I have ripped an audio CD using iTunes and saved it in Apple Lossless format. I used Spek to draw a specrtogram and here is the result:

Lossless Audio Specrtogram

My first question is, why doesn't it go all the way up to 22 kHz? Does this mean that they sell audio CDs recorded from lossy formats?

Another thing I want to ask is about converting this file to a lossy format. I used iTunes to convert this file to AAC (iTunes Plus) format. The specrtogram now reaches 22kHz at some points. So how is this possible? Here is the image (I converted the aac file to wav for compatibilty with other programs, but this should not have any effect): Lossy Audio Specrtogram

I'm new to analyzing specrtograms, so I hope you can help me understand them.

1 Answer 1


Audio sampled at 44.1 kHz (like normal audio CDs) can in theory contain content up to the Nyquist limit of 22.05kHz. However, you need a filter to remove all content above that limit, otherwise it folds back into the hearable range: you hear this as aliasing.

A perfect, theoretical filter would remove all content above 22.05kHz and leave everything else unaffected. This would be an infinitely steep low-pass filter.

In practice, such a filter doesn't exist, so a very steep low-pass filter is set at about 20 kHz, so that the attenuation is sufficient at 22.05kHz to make the aliasing inaudible.

Besides, a perfect human being hears frequency content up to 20kHz. Most, if not all are not perfect, so depending on age and other factors they don't hear anything above 16/17/18 kHz. This means this practical filtering is not a problem for everyday listening.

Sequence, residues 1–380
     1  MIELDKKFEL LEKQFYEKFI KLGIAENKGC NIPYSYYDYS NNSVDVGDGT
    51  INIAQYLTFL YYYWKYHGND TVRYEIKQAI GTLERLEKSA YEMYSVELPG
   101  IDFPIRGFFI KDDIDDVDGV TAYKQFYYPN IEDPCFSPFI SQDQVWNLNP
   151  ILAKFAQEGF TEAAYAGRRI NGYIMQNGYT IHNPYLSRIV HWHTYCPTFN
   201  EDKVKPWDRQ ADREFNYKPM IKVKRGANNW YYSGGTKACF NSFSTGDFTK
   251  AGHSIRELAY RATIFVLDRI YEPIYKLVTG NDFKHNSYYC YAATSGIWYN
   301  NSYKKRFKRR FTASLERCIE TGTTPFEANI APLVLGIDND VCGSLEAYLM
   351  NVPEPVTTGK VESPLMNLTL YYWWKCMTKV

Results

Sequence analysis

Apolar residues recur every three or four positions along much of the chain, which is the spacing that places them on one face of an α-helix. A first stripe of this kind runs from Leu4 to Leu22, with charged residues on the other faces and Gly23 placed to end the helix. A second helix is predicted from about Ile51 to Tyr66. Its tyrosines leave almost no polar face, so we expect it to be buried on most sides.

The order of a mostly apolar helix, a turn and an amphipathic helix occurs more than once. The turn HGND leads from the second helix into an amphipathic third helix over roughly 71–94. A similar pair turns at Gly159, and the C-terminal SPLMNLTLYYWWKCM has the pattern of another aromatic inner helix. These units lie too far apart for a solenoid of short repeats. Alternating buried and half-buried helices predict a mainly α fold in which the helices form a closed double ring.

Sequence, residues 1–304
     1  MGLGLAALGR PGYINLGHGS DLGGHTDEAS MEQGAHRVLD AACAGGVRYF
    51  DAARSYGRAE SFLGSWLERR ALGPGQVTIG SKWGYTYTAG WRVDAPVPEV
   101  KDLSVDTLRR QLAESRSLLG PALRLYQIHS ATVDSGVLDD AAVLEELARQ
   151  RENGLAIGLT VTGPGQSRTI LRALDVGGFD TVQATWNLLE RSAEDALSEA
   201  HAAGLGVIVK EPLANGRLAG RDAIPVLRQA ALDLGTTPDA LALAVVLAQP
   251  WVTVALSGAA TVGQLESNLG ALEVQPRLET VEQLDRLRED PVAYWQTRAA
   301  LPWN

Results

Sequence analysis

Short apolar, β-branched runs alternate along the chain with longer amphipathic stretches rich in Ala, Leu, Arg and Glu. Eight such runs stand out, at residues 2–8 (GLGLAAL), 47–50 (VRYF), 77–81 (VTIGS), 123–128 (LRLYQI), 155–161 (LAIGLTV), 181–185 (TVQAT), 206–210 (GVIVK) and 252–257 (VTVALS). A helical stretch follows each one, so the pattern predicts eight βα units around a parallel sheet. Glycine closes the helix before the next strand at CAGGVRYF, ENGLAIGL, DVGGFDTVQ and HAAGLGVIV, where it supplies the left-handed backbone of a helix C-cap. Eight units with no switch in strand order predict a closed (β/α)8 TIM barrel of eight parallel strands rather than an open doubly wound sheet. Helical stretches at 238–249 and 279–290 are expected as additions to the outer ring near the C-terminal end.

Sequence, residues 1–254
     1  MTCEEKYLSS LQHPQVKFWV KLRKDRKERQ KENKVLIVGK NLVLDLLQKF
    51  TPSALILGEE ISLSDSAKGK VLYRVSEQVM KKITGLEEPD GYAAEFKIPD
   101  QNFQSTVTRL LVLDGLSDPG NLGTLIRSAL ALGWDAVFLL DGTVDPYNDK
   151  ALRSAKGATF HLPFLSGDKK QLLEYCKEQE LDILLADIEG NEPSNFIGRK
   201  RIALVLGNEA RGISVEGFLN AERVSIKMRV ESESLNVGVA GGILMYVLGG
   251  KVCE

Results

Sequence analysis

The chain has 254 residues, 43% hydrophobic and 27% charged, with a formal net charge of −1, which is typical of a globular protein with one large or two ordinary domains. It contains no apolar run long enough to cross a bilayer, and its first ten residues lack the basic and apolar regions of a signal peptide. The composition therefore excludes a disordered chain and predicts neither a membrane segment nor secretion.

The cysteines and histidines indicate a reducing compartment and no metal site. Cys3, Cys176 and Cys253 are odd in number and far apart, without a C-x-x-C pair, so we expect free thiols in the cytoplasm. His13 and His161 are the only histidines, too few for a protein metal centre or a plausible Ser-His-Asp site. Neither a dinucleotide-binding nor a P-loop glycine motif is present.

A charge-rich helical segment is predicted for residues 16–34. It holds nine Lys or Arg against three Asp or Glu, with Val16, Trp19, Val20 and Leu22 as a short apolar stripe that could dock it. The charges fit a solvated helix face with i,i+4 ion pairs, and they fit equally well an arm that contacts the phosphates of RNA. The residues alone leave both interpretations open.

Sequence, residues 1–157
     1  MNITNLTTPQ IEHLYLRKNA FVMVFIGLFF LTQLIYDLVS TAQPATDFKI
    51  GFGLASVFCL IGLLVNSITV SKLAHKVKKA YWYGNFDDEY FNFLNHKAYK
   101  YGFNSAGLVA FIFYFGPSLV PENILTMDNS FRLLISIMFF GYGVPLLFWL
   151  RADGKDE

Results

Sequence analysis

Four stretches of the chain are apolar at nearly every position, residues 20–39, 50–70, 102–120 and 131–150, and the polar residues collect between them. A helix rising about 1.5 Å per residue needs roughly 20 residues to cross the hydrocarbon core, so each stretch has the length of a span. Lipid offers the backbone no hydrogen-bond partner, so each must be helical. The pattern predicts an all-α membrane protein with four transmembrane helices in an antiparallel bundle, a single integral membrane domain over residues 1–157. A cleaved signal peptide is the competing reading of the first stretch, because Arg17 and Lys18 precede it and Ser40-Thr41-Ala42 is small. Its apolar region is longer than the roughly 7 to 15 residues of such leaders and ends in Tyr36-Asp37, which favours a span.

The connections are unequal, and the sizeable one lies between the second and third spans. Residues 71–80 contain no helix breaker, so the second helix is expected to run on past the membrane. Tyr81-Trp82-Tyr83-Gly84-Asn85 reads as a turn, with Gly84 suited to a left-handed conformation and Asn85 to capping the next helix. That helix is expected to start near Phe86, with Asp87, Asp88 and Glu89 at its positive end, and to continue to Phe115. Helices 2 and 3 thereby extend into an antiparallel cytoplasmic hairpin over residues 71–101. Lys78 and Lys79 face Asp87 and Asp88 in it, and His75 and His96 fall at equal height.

A lossy format, like mp3 or aac, analyses the audio and manipulates it in such a way that it can be saved using less data, while minimising the audible effects this has. This could also mean that certain peaks are saved unfiltered, because the algorithm knows the super-high-frequency content which is that quiet will be masked by the rest of the audio, or even be completely inaudible to the human ear. The peaks in your spectrogram could also result from the decoding algorithm performing insufficient filtering for the peaks to show up in the analysis. This doesn't automatically mean that the filtering is bad: do you hear these spikes? Probably not.

  • This is correct, though there's a trend to have the ADCs running at much higher rates with only smooth filtering, and do the proper band-limiting with digital brickwalls either right at recording, or after the mix. In that scenario there's no reason why frequencies between 20 and 22.05 kHz would be strongly attenuated. Sep 15, 2014 at 14:41
  • @leftaroundabout you left out the filtering happening at the output, after each DAC. These are analog filters necessary to remove the harmonics above thhe nyquist frequency by the DAC: en.wikipedia.org/wiki/Reconstruction_filter
    – EMV
    Sep 15, 2014 at 19:23
  • ...So at the output of a DAC running at 44.1kHz, content present between 20 and 22 kHz is removed. If the output DAC runs above 44.1kHz, it might stay intact. Then again, if the content is present and the output filtering is done badly, aliasing can be audible. So someone creating a piece of audio can choose to filter from 20 kHz to be sure no aliasing turns up in the output chain he has no control over.
    – EMV
    Sep 15, 2014 at 19:31

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